Battle of Grand Gulf Facts

April 29, 1863

Grand Gulf Battle facts, including dates, location, casualties, leaders, who won, and more interesting facts you might not know. This fact sheet provides a quick overview of the battle and is for kids doing research and students preparing for the AP U.S. History (APUSH) exam.

Portrait of David Dixon Porter

During the Battle of Grand Gulf, Rear Admiral David D. Porter’s gunboats silenced Fort Wade and killed its commanding artillery officer. [Wikimedia Commons]

Date and Location

  • April 29, 1863
  • Claiborne County, Mississippi (roughly 30 miles south of Vicksburg)

Campaign

Principal Union Commanders

Principal Confederate Commanders

Union Forces Engaged

  • Mississippi Squadron and Companies
  • Soldiers detached from the 58th Ohio Volunteer Infantry Regiment and the 29th Illinois Infantry Regiment

Confederate Forces Engaged

  • Bowen’s Division

Number of Union Soldiers Engaged

  • Undetermined

Number of Confederate Soldiers Engaged

  • Undetermined

Estimated Union Casualties

  • 76 (19 killed, 67 wounded)

Estimated Confederate Casualties

  • 22 (3 killed, 19 wounded)

Result

  • Confederate victory

Significance

Grand Gulf featured two Confederate fortifications, Fort Cobun and Fort Wade, connected by a line of rifle pits.

Rear Admiral David D. Porter’s squadron at the Battle of Grand Gulf consisted of seven gunboats including the Benton, Lafayette, Tuscumbia, Carondelet, Louisville, Mound City, and Pittsburgh.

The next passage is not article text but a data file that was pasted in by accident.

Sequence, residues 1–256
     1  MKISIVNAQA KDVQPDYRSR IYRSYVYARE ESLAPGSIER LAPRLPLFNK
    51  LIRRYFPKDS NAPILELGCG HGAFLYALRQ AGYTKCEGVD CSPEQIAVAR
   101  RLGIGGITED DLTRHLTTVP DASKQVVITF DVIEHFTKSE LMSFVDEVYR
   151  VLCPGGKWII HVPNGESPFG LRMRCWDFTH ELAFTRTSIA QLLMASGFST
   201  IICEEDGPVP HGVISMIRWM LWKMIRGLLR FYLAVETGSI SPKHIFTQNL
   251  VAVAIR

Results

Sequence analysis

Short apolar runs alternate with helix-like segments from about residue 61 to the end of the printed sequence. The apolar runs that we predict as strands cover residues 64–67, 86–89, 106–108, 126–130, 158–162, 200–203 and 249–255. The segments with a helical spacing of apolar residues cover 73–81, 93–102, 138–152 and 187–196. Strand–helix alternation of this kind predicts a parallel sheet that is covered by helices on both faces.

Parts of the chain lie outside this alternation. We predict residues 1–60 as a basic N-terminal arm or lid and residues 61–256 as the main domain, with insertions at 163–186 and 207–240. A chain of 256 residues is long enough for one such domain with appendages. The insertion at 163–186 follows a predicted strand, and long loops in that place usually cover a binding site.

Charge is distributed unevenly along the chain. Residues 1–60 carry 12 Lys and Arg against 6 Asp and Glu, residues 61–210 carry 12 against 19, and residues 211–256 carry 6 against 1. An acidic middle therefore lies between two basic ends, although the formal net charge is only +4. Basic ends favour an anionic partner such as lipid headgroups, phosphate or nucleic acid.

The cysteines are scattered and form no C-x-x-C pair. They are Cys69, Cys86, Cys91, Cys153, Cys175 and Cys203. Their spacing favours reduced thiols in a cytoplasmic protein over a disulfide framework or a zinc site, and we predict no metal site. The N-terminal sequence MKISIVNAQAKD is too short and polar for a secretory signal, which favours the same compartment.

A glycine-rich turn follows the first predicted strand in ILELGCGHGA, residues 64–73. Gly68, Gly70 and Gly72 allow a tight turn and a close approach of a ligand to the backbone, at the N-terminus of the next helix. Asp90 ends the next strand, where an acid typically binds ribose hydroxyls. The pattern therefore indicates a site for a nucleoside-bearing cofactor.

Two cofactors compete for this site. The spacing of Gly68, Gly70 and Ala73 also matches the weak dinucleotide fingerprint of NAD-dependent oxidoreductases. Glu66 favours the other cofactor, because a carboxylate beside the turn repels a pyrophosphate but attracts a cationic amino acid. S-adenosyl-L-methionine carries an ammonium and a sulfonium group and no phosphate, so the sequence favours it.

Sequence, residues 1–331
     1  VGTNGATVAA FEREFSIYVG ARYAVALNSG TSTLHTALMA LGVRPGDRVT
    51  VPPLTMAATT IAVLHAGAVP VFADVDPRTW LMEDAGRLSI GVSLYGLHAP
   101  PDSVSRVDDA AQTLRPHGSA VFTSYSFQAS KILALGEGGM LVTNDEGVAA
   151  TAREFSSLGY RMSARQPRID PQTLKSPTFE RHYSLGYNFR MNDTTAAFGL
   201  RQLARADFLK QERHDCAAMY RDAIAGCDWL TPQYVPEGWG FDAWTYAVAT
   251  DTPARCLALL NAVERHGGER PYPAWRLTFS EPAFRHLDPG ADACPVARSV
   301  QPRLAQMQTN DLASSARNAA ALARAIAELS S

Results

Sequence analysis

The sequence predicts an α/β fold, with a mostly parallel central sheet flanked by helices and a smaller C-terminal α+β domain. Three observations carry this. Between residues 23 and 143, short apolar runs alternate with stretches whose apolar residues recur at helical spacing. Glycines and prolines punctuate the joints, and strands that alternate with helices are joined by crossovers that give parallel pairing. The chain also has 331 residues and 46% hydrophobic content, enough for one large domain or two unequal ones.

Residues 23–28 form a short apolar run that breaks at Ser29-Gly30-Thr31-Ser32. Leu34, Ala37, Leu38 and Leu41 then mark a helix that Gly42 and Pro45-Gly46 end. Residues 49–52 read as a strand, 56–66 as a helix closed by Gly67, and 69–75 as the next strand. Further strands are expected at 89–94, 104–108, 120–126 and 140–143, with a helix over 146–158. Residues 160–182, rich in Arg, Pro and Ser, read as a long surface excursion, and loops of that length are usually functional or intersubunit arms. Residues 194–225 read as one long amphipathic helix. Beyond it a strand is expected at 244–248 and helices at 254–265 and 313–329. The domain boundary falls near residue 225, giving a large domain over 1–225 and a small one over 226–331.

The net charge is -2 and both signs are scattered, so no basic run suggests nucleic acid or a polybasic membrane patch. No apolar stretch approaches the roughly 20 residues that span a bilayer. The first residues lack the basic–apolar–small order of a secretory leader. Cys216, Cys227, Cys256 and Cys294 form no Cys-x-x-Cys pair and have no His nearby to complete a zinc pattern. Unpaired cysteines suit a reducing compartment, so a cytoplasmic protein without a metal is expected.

In addition to their naval crews, Rear Admiral David D. Porter’s ships at the Battle of Grand Gulf were reinforced by soldiers from 58th Ohio and 29th Illinois infantry regiments.

The Battle of Grand Gulf lasted roughly five and one-half hours, from 8 a.m. to 1:30 p.m.

During the Battle of Grand Gulf, Rear Admiral David D. Porter’s gunboats silenced Fort Wade and killed its commanding artillery officer, Colonel William Wade.

During the Battle of Grand Gulf the strategically elevated Fort Cobun, proved unassailable.

During the Battle of Grand Gulf, Confederate artillerists put the Tuscumbia out of action and temporarily disabled the Benton.

The Confederate victory proved to be inconsequential. Later that night, Grant marched his troops down the Louisiana side of the Mississippi past Grand Gulf and crossed the river at Bruinsburg to begin his assault on Vicksburg.

Timeline of the Vicksburg Campaign

These are the main battles and events of the Vicksburg Campaign in order.